“ … Here is another one. A change in what Human nature will allow for government. "Careful, Kryon, don't talk about politics. You'll get in trouble." I won't get in trouble. I'm going to tell you to watch for leadership that cares about you. "You mean politics is going to change?" It already has. It's beginning. Watch for it. You're going to see a total phase-out of old energy dictatorships eventually. The potential is that you're going to see that before 2013.

They're going to fall over, you know, because the energy of the population will not sustain an old energy leader ..."
"Update on Current Events" – Jul 23, 2011 (Kryon channelled by Lee Carroll) - (Subjects: The Humanization of God, Gaia, Shift of Human Consciousness, 2012, Benevolent Design, Financial Institutes (Recession, System to Change ...), Water Cycle (Heat up, Mini Ice Ace, Oceans, Fish, Earthquakes ..), Nuclear Power Revealed, Geothermal Power, Hydro Power, Drinking Water from Seawater, No need for Oil as Much, Middle East in Peace, Persia/Iran Uprising, Muhammad, Israel, DNA, Two Dictators to fall soon, Africa, China, (Old) Souls, Species to go, Whales to Humans, Global Unity,..... etc.)
(Subjects: Who/What is Kryon ?, Egypt Uprising, Iran/Persia Uprising, Peace in Middle East without Israel actively involved, Muhammad, "Conceptual" Youth Revolution, "Conceptual" Managed Business, Internet, Social Media, News Media, Google, Bankers, Global Unity,..... etc.)

Wednesday, November 28, 2007

Eco-tourism expands as Bali gets back to nature

Wasti Atmodjo, The Jakarta Post, Denpasar

The eco-tourism industry is on the steady increase in Bali, with many living around or near beaches, hilly areas, paddy fields or forests conserving and managing their land for tourists, coordinator of the Bali Ecotourism Study Group, AA Gde Raka Dalem, says.

Raka is working with a team from Udayana University, to collect data on eco-tourism in Bali. He said the growth was sparked by an aggressive movement to "get back to nature", including how to behave in an environmentally friendly manner.

"It's in line with the rising concern over various issues like gas emissions and global warming and has also been affected by the rising environmental awareness among visiting tourists," he said over the weekend.

Initially it was only tourists from developed countries who were interested in eco-tourism projects.

Based on his own observations, Raka said, an increasing number of tourists from Asia, had displayed a greater interest in eco-tourism.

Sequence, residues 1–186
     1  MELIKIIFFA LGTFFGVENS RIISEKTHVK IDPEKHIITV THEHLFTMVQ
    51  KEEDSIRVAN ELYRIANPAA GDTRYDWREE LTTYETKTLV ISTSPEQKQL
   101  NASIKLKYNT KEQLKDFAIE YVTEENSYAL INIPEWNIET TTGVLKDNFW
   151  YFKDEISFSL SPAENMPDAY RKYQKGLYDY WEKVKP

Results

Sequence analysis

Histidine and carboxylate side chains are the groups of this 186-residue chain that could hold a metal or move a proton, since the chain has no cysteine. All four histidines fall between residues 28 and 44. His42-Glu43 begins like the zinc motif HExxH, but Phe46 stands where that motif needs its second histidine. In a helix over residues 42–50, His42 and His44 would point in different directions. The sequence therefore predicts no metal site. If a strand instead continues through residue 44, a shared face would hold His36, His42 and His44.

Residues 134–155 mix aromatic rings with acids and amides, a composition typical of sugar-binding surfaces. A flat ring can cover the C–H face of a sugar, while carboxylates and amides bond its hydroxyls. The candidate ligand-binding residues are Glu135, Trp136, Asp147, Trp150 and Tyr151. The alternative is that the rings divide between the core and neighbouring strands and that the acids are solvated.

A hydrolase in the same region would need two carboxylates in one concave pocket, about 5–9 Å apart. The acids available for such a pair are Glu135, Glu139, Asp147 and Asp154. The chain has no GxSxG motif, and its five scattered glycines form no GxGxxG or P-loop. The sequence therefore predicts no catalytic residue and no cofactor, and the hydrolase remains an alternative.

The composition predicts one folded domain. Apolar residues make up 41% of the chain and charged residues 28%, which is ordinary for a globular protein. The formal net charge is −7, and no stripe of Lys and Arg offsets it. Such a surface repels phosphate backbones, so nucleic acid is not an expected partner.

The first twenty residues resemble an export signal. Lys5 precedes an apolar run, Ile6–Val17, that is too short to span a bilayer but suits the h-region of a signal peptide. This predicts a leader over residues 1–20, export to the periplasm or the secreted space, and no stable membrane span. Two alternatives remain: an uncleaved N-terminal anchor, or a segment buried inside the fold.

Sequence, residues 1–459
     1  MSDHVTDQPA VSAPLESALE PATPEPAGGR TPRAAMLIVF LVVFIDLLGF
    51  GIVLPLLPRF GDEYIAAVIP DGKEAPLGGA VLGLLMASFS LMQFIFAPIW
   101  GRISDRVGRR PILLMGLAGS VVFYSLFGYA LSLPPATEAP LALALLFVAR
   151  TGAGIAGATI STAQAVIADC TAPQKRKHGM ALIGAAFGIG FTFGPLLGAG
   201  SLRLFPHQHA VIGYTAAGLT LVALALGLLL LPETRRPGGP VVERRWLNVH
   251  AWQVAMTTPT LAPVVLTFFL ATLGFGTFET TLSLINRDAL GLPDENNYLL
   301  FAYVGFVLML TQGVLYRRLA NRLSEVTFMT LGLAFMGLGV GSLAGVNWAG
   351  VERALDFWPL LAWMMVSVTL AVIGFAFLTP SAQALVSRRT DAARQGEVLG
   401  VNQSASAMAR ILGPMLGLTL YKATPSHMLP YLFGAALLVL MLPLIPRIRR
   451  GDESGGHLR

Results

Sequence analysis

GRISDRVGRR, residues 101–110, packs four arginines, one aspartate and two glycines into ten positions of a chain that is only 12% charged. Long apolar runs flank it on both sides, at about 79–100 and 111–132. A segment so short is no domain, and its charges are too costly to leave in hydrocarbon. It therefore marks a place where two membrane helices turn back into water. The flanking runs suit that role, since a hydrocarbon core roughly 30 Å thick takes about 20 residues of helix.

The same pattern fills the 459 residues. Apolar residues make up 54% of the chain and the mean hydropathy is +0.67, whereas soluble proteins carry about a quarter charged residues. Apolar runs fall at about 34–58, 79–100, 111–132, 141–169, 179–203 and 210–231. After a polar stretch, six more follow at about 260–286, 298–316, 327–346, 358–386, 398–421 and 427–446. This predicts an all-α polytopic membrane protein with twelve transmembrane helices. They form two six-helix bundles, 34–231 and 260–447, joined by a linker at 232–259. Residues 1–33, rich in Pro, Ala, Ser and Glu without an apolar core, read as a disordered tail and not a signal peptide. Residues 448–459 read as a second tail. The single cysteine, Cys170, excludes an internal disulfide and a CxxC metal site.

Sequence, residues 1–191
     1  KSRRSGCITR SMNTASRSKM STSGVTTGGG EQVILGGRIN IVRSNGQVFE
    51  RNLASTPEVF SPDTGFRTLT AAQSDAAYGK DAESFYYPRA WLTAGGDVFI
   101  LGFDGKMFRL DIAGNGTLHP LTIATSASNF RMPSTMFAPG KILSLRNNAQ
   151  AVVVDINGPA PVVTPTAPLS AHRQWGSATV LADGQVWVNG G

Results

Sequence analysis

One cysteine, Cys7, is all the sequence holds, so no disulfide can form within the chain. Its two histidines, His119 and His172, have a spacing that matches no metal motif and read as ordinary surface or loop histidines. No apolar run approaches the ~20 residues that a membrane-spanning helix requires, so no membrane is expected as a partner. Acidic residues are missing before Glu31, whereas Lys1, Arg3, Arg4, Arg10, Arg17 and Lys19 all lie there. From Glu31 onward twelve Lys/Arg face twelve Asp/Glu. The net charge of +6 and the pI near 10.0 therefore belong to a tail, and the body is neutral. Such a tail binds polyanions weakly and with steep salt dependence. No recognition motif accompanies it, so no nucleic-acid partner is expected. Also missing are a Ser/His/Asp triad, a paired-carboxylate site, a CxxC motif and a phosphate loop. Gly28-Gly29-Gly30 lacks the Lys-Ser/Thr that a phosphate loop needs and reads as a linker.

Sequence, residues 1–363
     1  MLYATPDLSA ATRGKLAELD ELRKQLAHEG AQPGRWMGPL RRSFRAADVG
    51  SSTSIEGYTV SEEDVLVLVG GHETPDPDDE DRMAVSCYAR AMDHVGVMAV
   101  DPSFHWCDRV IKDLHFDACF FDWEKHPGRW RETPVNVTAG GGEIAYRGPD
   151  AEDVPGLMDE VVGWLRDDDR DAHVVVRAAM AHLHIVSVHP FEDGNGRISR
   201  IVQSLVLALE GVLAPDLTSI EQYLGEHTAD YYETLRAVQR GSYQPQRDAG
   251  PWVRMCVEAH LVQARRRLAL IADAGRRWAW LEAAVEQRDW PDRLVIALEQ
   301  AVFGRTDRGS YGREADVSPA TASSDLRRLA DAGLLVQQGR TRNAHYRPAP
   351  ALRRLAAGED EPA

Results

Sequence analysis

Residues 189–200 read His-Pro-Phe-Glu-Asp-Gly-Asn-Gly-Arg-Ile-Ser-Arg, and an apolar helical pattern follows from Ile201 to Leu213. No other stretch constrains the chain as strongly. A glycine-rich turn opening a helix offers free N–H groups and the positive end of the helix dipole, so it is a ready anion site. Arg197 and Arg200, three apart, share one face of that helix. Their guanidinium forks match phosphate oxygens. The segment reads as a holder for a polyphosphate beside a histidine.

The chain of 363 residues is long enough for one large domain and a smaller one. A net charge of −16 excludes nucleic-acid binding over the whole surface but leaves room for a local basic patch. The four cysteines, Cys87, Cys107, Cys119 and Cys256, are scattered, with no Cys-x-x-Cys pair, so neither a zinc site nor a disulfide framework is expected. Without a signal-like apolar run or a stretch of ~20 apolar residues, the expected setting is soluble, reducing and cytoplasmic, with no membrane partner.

Data from Culture and Tourism Ministry showed in 1998 the global tourism industry was dominated by Europeans with some 384 million (60.3 percent of the total) visits. European tourists also showed the highest growth rate at 8.1 percent per year between 1980 and 1998.

By the year 2010, the number of global tourist visits is projected to grow by 4.1 percent per annum to 1 billion.

At the national level, foreign tourist arrivals to Indonesia between 2005 and 2009 were projected to reach 10 million per annum, with spending amounting to $10 billion.

In 1996, Raka said, various representatives of the Indonesian tourist industry gathered in Bali to discuss the growing eco-tourism market. They later agreed to establish an Indonesian eco-tourism community.

The group set down eco-tourism's guiding principles, which are being continually developed and revised.

Initially, Raka Dalem said, the eco-tourism concept was translated to mean a tourism business which involved the participation of the community.

The understanding later evolved to incorporate three major pillars -- economy, community involvement and ecological conservation.

In Bali, he said, the concept would be easily implemented due to the existence of traditional wisdom, Tri Hita Karana, which dictates Balinese maintain harmony among Man, God and Nature.

Raka said Bali offers a complete set of eco-tourism projects.

"Including beaches, agricultural farms, forests and hilly areas," he said.

Sambangan area in Buleleng regency, for example, offers packages inviting travellers a glimpse of the agricultural lifestyle, forest walks and waterfall tours.

"Now a new attraction is offered, which we call spiritual tourism, meditation at the above-mentioned waterfall areas," he said.

Tenganan in Karangasem regency, Raka said, also offers unique culture and natural beauty. Locals are known for their skillfully hand-woven cloth.

Tenganan has also a collection of a wide variety of endangered plants and including kluwek, and various colorful butterflies.

"Packages featuring bird watching in a mangrove habitat in Nusa Dua and monkey watching in Alas Kedaton, Sangeh and Ubud, are some examples eco-tourism in Bali," Raka said.

The eco-tourism projects are managed by the government or tourism offices and also by the community itself in cooperation with investors. Jro Gede Karang T Suarsana, for example, is one investors who is focussing on the development of rural tourism in his own village, Tembuku, in Bangli regency.

Tembuku offers trekking through rice paddies, sweet potato and corn fields. In a number of areas tourists can see goats and cows grazing freely and in other locations they see irrigation facilities with clean water.

Upon entering the village, visitors may wish to meet the locals, learn traditional dance, music or how to make utensils for religious offerings.

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